Archaeological Proof for the Torah and Exodus

Words of the Week

I fully understand that any minority would prefer to be a majority, it is quite understandable that the Arabs of Palestine would also prefer Palestine to be the Arab State No. 4, No. 5, No. 6 – that I quite understand; but when the Arab claim is confronted with our Jewish demand to be saved, it is like the claims of appetite versus the claims of starvation.
Ze’ev Jabotinsky

Some of Eilat Mazar’s biggest finds (clockwise from top left): gold medallion with menorah, shofar, and Torah scroll from the 7th century CE; seal of King Hezekiah, 7th century BCE; King Solomon’s walls, 10th century BCE; seal of the Prophet Isaiah, 7th century BCE.

Jew of the Week: Meir Har-Zion

Israel’s Real-Life Rambo

Meir Har-Zion (1934-2014) was born in the new town of Herzliya in 1934. His mother’s side hailed from Sephardic-Turkish heritage, while his father’s side came from Romania and Russia. He spent his early years on a number of different kibbutzim and moshavim. He loved hiking and exploring the Holy Land, together with his younger sister, and the two youths were once arrested by Syrian authorities when they wandered a little too far. It happened again in 1951, and it took negotiations mediated by the UN to secure their release. Two years later, Har-Zion was a co-founder of Unit 101, Israel’s first special forces commando team. While sometimes brutal, the operations of Unit 101 were essential in securing Israel’s borders and maintaining its defenses in the early years. They also made it clear that the new IDF is a force to be reckoned with, and that Israel would respond forcefully if provoked. In 1954, Har-Zion joined the 890th Paratroopers, led by Ariel Sharon. The following year, Har-Zion’s beloved sister and her boyfriend were abducted by Bedouin Arabs, tortured, and murdered. Despite being ordered to restrain himself, Har-Zion vowed revenge. He took three fellow soldiers and infiltrated the Bedouin town, capturing six men, killing five of them, and sending the sixth back to relay what happened. Har-Zion was heavily condemned for his actions, and temporarily imprisoned. Still, David Ben-Gurion described the act as “the kind of ritual revenge the Bedouins understood perfectly.” In one 1956 paratrooper mission, Har-Zion was nearly killed by being shot in the throat and arm. He survived, though forced to retire due to his injuries. He was awarded the Medal of Courage. During the Six-Day War, Har-Zion was called up again and, despite having just one arm, participated in the liberation of Jerusalem. He played a key role, hunting down a Jordanian sniper that was holding up the Israeli advance, and killing him with a grenade. In the Yom Kippur War, Har-Zion volunteered again to battle for the country’s survival, and fought deep in Syrian territory, even managing to save the lives of several soldiers. Har-Zion lived out the rest of his life on a farm that he named after his sister. He married, had four children, and wrote memoirs and political commentary. Moshe Dayan described Har-Zion as “the best soldier ever to emerge in the IDF”.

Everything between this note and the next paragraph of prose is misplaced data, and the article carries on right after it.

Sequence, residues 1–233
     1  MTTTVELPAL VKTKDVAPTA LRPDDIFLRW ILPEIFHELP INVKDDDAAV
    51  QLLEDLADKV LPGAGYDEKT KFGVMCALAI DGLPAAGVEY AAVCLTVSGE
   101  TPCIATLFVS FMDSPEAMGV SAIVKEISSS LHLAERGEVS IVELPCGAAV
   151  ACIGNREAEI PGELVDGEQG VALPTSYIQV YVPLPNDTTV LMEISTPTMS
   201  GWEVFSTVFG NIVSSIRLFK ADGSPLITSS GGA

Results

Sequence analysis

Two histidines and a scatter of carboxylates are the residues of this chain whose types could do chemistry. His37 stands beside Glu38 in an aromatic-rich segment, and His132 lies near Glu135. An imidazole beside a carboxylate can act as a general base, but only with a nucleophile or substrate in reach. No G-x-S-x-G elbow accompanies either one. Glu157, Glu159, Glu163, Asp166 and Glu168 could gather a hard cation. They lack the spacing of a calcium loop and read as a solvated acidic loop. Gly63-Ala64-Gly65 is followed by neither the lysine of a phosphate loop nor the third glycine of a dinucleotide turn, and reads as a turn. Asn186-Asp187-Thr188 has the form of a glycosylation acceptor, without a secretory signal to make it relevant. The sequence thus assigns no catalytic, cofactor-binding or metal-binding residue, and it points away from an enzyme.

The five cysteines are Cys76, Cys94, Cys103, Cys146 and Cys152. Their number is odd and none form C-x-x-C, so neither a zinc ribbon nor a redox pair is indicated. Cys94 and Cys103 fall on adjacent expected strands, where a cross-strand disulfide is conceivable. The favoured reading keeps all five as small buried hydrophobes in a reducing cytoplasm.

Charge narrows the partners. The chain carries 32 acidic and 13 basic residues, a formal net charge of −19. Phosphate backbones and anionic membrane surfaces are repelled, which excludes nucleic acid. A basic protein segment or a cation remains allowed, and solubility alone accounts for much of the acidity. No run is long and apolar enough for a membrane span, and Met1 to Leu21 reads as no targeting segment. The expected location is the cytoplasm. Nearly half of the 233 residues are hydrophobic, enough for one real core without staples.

Words of the Week

It is manifestly right that the Jews should have a National Home where some of them may be reunited. And where else could that be but in this land of Palestine, with which for more than 3,000 years they have been intimately and profoundly associated?
– Winston Churchill